The gift of learning that teachers give to our children, to our Island community and to our nation, is unique.

Teachers are some of the most important people in the Island community, and teaching children to love reading is perhaps the most important role a primary teacher has.

Last week, at St Thomas of Canterbury Catholic Primary School in Carisbrooke, many of our Island’s primary school heads came together to plan how we can help Island children to read better.

I was privileged to join them. Thank to you all at St Thomas’s for hosting us.

The teaching system now used in our schools is called phonics.

There is overwhelming scientific evidence that it works. Indeed, it is making us a world leader in education.

Our children came fourth in the world in early years reading. That is an extraordinary achievement, and one that we need to shout about more.

Conservative governments have focused on the phonics teaching system in primary schools since 2010.

Between 2012 and 2019, the percentage of six-year-olds reading words fluently rose from 58 per cent to 82 per cent.

That sadly went backwards under Covid, and on the Island sadly our children’s reading is lower than the national average.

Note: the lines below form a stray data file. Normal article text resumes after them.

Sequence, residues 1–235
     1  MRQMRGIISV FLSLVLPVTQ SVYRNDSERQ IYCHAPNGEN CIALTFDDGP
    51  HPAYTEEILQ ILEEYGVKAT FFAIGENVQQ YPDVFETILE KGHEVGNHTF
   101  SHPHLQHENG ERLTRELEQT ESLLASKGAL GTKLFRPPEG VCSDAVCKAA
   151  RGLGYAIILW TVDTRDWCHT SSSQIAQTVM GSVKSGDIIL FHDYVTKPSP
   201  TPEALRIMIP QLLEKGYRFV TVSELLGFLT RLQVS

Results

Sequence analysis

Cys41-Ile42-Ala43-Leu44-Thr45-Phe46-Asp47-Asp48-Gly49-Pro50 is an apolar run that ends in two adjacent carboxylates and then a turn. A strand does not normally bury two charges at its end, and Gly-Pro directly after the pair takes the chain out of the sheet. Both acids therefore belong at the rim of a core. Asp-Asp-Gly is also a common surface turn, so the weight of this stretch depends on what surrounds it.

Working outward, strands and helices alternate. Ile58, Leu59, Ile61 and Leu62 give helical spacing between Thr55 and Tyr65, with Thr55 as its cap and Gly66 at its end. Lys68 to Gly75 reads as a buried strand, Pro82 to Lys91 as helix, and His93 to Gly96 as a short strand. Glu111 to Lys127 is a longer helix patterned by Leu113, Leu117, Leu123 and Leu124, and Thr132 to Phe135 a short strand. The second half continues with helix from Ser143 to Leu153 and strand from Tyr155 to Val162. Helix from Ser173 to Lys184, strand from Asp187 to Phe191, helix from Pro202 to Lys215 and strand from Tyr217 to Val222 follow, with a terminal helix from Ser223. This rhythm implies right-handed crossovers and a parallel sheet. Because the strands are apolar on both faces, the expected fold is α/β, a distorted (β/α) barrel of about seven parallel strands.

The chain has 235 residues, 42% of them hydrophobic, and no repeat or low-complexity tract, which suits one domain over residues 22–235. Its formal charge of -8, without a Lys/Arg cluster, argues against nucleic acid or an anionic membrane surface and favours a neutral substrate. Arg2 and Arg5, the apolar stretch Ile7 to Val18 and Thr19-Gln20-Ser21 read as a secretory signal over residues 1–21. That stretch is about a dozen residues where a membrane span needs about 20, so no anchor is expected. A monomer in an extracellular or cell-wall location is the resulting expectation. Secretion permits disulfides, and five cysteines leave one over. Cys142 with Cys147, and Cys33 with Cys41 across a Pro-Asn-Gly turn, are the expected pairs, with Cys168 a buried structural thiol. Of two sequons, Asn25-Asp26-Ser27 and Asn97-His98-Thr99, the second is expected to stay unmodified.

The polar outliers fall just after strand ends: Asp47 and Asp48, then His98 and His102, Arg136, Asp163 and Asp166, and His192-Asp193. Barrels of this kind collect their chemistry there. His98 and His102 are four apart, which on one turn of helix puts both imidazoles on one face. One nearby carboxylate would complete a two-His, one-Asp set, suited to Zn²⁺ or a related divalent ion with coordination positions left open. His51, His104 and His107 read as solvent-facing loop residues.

That’s why we need to focus again on driving up reading skills.

There is financial and practical support for schools – up to £9,000.

Teach a child to read well and they are much, much more likely to lead fulfilling lives, to express themselves, to work, to enjoy books and culture.

Illiteracy is a disaster for individuals and our society on so many levels.

There are two stats that never fail to surprise me.

First, six out of ten inmates in our prison system have the reading ability of an 11-year-old or less.

Second, success in life is not dependent on class or race background, but reading ability.

Our reading centre of excellent is in Southampton, and I thank them for their support, but I have told ministers - and they have agreed - that we must have our own centre of excellence on the Island.

For headteachers who missed out on our day, please contact the Department for Education or myself if you’d like to know more.

I thank so much those teachers - our early reading heroes - that are encouraging children to love reading. It is a true gift that they have.